Moral Hazard in Acquisitions Research Paper

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moral hazard in mergers, acquisitions and takeovers. The essay discusses the definition of moral hazard as well as related agency theory and the role of asymmetrical information in transactions. The essay also reviews insider trading from the perspective of insider trading.

In the context of economic theory, moral hazard describes the tendency of a party to take excessive risks because the costs associated with the unreasonable risk are not incurred by the party taking the risks. That is, when the behavior of one party to a transaction may result in detriment to another party after the transaction has taken place, moral hazard may be said to be present. Moral hazard occurs because an institution or individual does not bear the full responsibility or consequences of its actions, and as a result, there is a tendency to act less carefully than otherwise would be the case; this irresponsible behavior leaves the other party to bear some responsibility for the consequences of actions over which it has no control.

In economics, moral hazard presents a special case of information asymmetry, which occurs when one party in a transaction has more information than another party to the transaction. This is especially likely to create a problem when the following conditions are present: (a) the party which has more information about its intentions or actions has an incentive to behave recklessly or inappropriately as seen from the perspective of the party possessing less information and (b) when the party which is insulated from risk is in possession of more information regarding its intentions and actions than the party which ends up paying for the negative consequences that result from the risk.

Moral hazard in the context of mergers and acquisitions can be explained by agency theory. An agency relationship exists between stockholders and managers, wherein the principals, the stockholders, hire the company's agents or managers, which relationship involves inherent conflicts of interest. Agency theory suggests that managers will seek to maximize their own utility at the expense of corporate shareholders. Therein lies the fundamental problem: shareholders authorize managers to administer the organization's assets on their, the shareholders' behalf, whereas the corporation's managers may have personal goals that compete with the owners' goal of maximizing shareholder wealth (Kleiman n.pag.). This conflict of interest is usually addressed by creating incentives for managers to put shareholder interests ahead of their own, which efforts usually occur at the expense of creating agency costs.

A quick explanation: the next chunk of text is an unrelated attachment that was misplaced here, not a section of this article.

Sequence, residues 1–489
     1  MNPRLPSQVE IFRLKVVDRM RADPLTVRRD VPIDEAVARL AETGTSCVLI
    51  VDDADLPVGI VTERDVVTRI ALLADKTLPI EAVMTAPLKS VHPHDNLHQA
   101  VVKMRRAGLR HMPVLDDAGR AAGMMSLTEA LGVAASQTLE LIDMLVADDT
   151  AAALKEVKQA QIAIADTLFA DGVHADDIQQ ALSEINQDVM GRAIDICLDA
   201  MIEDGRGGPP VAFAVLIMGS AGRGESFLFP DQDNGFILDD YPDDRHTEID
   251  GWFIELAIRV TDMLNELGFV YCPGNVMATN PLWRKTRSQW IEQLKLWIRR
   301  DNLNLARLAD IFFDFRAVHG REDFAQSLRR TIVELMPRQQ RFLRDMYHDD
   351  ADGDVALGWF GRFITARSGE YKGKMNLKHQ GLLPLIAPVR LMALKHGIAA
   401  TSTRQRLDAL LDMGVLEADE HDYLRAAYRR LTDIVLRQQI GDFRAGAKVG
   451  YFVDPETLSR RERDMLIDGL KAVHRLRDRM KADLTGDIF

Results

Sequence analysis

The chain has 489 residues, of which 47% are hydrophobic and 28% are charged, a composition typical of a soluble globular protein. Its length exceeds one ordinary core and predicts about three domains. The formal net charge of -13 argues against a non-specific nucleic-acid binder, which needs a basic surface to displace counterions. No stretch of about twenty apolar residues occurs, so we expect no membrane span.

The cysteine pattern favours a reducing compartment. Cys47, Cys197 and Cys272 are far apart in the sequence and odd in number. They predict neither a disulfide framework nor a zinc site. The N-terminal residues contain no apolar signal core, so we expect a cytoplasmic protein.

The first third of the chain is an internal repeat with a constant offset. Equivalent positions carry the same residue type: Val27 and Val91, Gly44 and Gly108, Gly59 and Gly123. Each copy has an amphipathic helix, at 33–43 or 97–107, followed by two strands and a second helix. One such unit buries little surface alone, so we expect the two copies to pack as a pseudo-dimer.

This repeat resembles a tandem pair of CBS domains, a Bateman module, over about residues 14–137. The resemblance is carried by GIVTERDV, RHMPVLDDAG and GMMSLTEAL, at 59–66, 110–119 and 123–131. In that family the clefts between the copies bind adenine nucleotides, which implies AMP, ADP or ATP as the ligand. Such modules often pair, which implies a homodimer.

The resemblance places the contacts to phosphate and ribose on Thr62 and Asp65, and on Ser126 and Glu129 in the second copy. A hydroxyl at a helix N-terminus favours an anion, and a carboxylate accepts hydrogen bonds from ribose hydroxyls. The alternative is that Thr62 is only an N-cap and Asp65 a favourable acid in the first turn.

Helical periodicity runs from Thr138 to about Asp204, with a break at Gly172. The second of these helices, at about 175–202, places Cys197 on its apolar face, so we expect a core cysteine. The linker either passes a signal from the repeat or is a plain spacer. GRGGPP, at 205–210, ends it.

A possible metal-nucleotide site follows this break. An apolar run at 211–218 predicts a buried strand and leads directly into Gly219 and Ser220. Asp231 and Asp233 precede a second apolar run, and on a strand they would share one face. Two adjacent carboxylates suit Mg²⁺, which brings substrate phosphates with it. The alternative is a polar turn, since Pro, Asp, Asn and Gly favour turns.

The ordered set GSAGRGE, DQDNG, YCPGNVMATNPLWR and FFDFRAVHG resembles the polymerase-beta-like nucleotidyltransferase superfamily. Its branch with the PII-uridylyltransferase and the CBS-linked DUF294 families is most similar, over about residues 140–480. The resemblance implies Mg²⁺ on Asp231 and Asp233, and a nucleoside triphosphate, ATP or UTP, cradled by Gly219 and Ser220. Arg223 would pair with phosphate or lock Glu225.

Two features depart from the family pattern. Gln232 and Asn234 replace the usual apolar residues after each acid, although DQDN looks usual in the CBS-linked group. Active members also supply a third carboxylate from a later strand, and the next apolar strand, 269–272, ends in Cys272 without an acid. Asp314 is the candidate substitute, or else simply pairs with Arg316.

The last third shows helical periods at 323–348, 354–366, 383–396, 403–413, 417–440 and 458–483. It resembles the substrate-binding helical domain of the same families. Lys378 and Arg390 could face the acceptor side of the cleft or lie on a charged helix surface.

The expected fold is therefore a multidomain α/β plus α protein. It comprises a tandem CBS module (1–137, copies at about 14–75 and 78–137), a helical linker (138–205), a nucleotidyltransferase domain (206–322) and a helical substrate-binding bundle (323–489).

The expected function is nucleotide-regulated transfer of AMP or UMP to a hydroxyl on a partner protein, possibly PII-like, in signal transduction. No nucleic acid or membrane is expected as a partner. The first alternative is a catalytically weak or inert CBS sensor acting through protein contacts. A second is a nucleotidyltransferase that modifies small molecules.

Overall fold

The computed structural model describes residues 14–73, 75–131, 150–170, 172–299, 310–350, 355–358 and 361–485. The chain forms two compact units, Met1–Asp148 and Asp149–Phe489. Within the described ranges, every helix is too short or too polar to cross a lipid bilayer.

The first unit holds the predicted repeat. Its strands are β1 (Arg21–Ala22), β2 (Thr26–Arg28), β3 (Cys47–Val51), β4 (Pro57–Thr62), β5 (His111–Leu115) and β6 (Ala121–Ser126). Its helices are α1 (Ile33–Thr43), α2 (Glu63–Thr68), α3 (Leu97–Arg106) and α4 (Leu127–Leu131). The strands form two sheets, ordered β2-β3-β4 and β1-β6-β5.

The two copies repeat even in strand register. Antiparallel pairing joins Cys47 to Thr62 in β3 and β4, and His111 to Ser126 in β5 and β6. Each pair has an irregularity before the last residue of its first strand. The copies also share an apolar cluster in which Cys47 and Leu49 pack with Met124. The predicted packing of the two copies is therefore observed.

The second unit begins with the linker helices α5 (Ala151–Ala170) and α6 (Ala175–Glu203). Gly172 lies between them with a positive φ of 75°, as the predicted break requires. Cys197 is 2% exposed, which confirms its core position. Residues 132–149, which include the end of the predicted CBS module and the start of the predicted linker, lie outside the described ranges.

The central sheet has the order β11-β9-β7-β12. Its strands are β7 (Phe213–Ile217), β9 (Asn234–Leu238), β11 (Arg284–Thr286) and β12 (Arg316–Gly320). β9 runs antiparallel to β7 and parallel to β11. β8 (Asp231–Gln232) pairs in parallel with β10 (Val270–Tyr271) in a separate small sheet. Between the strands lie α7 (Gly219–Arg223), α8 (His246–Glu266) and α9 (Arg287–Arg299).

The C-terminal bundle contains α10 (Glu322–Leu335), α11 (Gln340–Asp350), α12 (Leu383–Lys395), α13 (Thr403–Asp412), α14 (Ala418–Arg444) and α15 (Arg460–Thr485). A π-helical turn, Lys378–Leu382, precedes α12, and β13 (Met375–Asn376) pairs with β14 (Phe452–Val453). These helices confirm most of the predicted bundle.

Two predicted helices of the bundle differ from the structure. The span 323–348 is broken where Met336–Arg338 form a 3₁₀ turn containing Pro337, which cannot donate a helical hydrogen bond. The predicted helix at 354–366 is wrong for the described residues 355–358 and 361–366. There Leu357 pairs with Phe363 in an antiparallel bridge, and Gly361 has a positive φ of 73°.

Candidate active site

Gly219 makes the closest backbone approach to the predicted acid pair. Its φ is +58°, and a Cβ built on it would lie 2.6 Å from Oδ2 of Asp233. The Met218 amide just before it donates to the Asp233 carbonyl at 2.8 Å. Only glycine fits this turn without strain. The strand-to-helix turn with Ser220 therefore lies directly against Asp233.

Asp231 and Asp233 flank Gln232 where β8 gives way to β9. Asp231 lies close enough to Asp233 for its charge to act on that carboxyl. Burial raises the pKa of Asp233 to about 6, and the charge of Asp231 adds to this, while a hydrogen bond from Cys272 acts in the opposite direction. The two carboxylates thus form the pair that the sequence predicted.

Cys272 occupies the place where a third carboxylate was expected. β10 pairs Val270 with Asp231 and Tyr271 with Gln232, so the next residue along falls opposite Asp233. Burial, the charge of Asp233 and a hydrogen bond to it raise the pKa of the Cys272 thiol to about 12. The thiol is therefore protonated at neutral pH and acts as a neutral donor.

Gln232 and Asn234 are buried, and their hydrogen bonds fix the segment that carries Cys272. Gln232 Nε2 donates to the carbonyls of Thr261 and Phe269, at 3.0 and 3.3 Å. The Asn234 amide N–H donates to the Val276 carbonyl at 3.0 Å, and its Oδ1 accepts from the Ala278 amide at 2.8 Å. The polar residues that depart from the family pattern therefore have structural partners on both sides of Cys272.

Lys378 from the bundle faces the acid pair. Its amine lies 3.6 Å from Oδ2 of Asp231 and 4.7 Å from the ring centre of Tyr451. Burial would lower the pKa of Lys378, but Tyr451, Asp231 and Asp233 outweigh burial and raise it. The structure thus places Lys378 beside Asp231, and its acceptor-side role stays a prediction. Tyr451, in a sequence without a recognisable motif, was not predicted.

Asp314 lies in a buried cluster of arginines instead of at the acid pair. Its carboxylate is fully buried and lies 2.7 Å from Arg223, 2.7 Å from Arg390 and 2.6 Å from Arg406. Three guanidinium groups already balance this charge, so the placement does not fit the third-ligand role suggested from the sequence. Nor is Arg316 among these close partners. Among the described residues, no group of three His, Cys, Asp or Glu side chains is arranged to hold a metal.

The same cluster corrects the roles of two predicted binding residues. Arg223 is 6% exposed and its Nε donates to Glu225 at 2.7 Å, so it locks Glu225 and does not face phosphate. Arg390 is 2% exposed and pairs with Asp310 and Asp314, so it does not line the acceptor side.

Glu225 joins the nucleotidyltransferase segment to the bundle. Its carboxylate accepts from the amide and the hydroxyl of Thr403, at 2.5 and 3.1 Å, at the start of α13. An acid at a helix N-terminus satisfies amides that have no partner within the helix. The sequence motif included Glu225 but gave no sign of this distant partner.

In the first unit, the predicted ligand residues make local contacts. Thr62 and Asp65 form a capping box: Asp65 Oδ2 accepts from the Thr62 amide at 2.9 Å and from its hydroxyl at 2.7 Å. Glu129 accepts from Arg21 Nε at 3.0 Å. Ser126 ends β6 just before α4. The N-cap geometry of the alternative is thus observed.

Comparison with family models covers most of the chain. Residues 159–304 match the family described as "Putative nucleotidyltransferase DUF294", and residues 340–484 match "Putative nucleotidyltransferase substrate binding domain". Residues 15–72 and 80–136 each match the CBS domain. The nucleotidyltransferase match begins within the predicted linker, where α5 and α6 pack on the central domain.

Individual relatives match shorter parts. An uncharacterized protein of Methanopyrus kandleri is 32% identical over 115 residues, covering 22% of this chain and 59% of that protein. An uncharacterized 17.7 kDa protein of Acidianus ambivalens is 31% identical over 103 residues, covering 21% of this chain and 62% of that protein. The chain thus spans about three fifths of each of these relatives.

Conflicts of interest can be significant for large, publicly traded corporations where the company's managers own only a small percentage of the common stock. In such cases, maximizing shareholder wealth can be subordinated to various managerial goals. For example managers may wish to maximize the size of the firm. Creating a large, rapidly growing firm may increase the executives' status, as well as create more opportunities for lower and middle-level managers and salaries, and enhance managers' job security by making an unfriendly takeover less likely (Kleiman n.pag.).

To counter the tendency of managers to fail to act in stockholders' best interests requires such mechanisms as incentives, constraints, and punishments. However, these methods work only if shareholders are able to observe all actions taken by managers. The problem of moral hazard exists because it is not feasible for shareholders to monitor all managerial actions (Kleiman n.pag.).

Moral hazard arises during mergers and acquisitions as a result of several scenarios wherein the interests of owners and agents are misaligned. For example, the threat of a takeover may induce "managerial myopia," which is a short-sighted approach or narrow view of which activities may not be in the best long-term interests of shareholders. Managerial myopia can occur when takeover pressure is generated along with the fear of being bought out at an undervalued price. This fear in turn can lead managers to emphasize short-term profits more heavily rather than long-term objectives. Such a scenario can lead to excessive borrowing and what some experts have termed a casino mentality. Or, takeover fears may be intensified for managers when quarterly profits drop, causing the quarterly bottom line to drop. In this scenario, the stock may become undervalued, making the company an easier target. Managers may try to avoid such scenarios by focusing on short-term defensive stances, by selling off assets and reducing long-term capital investments in an effort to stretch fourth quarter earnings (Stein 62).